A Review of Hellraiser

This is another 80s horror film that has become iconic for its central villain.  In this case, the character of Pinhead.  Before anyone asks, yes, those are actual pins and not extensions of his body.  I thought that is what they were when I was a child.  He and his “colleagues” are heavily into sadomasochism. The character is certainly grotesque enough. Clive Barker is certainly a frightening man for having dreamed him up.  But is the film deserving of its “horror classic” status?

The film is about a man, Frank, who buys a mysterious puzzle box that will give him the ultimate “pain and pleasure.”  He opens it and is torn apart by the Cenobites (of which Pinhead is one).  Later, his brother’s family moves into his house.  His brother cuts himself on a nail, somehow leading to Frank getting resurrected as a literal living corpse.  He convinces his sister in law (who he had an affair with) to bring him human victims to sacrifice so that he may live again.  Meanwhile, the Cenobites are trying to locate him and stop his rebirth as he is the only one to ever “escape” them.

The premise is quite ludicrous.  Most horror films have ludicrous premises.  No one has ever answered how the Bates Motel managed to stay in business all those years. But that is not exactly the point.  Horror films seek to do one of two things.  They either exist to a) shock us with gore effects that quickly become endurance tests or b) address human fears and emotions by showing the darkest recesses of the human mind.

Hellraiser accomplishes the first item very well.  The film is violent and shocking.  Certain sections (particularly Frank’s initial resurrection) had me squirming.  That doesn’t sound like much, but it is a very rare occurrence these days for any film to bother me in that way. Plus, as stated, the Cenobites themselves are all shocking figures that would certainly belong in any nightmare.  Time and time again, the film throws curveballs at the audience, playing them like a piano. Now who was it that recommended films should do that again? Well, I am glad someone took his advice.

I also appreciate the fact that the film succeeds WITHOUT THE USE OF CGI!  Every effect in the film is the result of a special effects technician creating it.  That scene above?  Done through stop motion.  Does it look fake?  No, in fact it looks more real than CGI.  Why?  Because you can see the human touch.  You can see the detail.  You can see the care that went into the effect.  Computers don’t exactly have that level of emotion in their work.  All too often, the works looks more like it belongs in an animated film.  When actors interact with such items, it looks completely unconvincing.  You can almost see the tennis ball they are really looking at on the set.  Presumably, this film involved the actors in full make up.  The actors had to interact with that fact.  Sure, they knew it was just make up.  But every day, they were looking at man who looked convincingly enough like he had no skin.  Their faces and their performances show that.

So, the film is good at shocking its audience.  But what about the second part?  Well, it certainly wants to discuss the darkest recesses of the human mind.  Why else bring up sadomasochism?  But it never succeeds on that level.  Just when it is about to discuss that theme further, it chooses instead to toss its well executed effects at the audience again.  Why?  Why does it stubbornly refuse to go deeper?  The film succeeded in doing the scares so well.  Where is the rest?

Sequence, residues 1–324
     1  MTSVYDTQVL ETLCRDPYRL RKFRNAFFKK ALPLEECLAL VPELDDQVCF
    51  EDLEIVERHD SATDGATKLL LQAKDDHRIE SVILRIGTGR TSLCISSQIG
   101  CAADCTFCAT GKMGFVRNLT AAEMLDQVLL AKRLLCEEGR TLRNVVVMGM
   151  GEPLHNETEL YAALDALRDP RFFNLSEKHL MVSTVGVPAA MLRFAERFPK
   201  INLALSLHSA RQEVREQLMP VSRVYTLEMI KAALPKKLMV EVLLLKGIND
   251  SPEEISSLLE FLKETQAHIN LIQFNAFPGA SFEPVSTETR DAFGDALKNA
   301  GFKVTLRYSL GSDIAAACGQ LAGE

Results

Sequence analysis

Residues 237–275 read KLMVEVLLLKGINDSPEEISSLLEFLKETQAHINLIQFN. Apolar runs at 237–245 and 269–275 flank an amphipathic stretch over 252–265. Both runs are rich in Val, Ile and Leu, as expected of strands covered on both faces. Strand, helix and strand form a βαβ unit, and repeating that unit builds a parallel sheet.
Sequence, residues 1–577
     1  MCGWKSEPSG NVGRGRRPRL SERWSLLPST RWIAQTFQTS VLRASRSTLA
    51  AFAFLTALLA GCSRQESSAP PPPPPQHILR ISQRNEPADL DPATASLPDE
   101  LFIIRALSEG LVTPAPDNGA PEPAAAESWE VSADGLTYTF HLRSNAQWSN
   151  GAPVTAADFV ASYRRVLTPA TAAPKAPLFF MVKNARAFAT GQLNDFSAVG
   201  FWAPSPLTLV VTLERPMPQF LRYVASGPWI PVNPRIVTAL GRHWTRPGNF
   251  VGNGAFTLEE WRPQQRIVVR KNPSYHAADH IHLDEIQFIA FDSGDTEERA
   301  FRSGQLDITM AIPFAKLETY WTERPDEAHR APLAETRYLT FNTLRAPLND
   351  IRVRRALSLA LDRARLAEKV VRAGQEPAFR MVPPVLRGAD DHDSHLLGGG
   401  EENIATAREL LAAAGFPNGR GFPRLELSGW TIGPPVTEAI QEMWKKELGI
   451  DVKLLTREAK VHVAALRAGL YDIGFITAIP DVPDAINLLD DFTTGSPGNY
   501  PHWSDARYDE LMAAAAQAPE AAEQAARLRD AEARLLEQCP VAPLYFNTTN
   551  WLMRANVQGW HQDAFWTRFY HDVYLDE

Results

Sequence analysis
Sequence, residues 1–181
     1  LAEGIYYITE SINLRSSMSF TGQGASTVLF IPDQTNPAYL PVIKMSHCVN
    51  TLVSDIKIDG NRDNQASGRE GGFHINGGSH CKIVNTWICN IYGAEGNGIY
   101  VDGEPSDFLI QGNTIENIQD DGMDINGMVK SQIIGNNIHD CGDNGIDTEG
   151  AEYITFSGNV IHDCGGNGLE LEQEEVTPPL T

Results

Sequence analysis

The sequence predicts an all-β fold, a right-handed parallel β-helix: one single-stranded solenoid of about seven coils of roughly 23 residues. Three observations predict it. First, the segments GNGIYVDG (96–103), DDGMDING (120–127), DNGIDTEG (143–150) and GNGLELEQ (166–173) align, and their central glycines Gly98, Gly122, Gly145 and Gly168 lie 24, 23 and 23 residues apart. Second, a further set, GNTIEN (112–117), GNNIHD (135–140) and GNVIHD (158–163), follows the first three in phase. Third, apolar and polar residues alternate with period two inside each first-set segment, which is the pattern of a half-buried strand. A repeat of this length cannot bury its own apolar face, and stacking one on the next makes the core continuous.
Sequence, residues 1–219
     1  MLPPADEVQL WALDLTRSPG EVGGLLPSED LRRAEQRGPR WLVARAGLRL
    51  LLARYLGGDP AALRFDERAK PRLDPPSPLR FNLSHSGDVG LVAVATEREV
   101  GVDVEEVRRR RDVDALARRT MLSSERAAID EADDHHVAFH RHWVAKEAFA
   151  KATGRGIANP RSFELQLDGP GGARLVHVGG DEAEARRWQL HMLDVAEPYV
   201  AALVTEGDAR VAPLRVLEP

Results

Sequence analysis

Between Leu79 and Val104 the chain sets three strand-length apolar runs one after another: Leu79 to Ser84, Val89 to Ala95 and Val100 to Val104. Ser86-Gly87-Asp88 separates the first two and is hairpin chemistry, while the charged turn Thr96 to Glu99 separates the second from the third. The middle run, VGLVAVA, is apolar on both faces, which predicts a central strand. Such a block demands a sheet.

That was the ultimate disappointment for me.  Everything about the film stimulated my imagination and my fears.  I wanted to know more about the Cenobites.  Who were they? Who were the people that sought them out?  We never get a clear explanation.  What was Frank feeling when he was under their control?  We only get one clue.  Without trying to spoil the movie, it is in the statement “Jesus wept.”  Yet the only thing that does is recall scenes in The Exorcist of demons masturbating to crucifixes.  It didn’t convincingly say what was on Frank’s mind.  I wanted to know more.  In a good way, I guess.  The first thing I did upon finishing the film was look up Clive Barker on wikipedia.  Not exactly the proudest item I can look up.  But the bug was there.  And there is a vast mythology behind the characters.  Care was taken in this story. So, why was that not on screen?  I know there are sequels that go even further to answer these questions.  Your point?  A film should stand up on its own.  We are not talking about a television series here.
Yes, the preceding paragraph makes it sound like I absolutely hated the film.  But I didn’t. I was intrigued the whole way through and ultimately felt rewarded by watching the film.  It is a B-grade horror movie that works on the exact same level as Sam Raimi’s Evil Dead trilogy. But it wanted to me so much more.  I still recommend it.  This is the sort of thing that films, particularly horror films, should be  striving to meet.  Often, the modern horror film won’t even strive for that first level. This film did, and did so very well.  I guess it belongs on the recesses of cult film where it currently is.  A little more finesse, and maybe, just maybe, the film could truly attain classic status.

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